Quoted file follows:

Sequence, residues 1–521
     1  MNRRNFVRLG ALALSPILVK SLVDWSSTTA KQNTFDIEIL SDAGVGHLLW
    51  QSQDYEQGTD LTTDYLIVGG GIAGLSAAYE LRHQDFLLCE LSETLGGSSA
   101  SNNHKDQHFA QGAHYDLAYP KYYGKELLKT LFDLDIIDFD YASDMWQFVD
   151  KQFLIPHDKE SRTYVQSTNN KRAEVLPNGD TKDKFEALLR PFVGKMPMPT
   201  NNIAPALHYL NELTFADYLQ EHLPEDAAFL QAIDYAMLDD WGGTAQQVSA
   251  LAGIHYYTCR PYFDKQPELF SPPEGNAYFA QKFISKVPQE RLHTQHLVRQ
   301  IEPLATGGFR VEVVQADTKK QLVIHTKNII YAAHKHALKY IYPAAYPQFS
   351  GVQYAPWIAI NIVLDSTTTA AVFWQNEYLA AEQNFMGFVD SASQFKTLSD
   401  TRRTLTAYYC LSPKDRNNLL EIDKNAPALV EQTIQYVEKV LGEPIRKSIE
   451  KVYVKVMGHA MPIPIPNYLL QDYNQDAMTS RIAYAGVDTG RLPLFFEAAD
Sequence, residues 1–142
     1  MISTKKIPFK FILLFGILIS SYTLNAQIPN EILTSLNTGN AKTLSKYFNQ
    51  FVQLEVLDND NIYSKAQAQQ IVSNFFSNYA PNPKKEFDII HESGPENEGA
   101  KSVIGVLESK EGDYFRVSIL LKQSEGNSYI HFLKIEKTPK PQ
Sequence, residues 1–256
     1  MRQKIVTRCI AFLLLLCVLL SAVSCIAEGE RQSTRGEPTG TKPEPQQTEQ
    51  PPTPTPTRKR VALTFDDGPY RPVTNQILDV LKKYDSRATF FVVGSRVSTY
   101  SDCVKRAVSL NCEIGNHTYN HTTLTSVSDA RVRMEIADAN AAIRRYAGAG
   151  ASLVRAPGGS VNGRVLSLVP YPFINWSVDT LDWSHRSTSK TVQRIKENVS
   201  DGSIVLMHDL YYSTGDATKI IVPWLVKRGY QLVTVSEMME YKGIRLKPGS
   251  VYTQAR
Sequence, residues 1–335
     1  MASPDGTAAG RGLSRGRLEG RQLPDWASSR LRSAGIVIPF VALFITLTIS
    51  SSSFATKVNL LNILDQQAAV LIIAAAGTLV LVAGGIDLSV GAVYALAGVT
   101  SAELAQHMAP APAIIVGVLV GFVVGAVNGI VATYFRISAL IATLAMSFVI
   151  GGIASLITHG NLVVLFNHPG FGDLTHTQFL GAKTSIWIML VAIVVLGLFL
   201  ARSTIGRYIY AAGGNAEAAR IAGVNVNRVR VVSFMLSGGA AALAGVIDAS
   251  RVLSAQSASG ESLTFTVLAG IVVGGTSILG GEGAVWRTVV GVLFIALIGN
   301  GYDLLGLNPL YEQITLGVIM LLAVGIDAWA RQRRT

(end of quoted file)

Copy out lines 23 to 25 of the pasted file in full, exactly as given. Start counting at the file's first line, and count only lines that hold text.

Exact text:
Sequence, residues 1–335
     1  MASPDGTAAG RGLSRGRLEG RQLPDWASSR LRSAGIVIPF VALFITLTIS
    51  SSSFATKVNL LNILDQQAAV LIIAAAGTLV LVAGGIDLSV GAVYALAGVT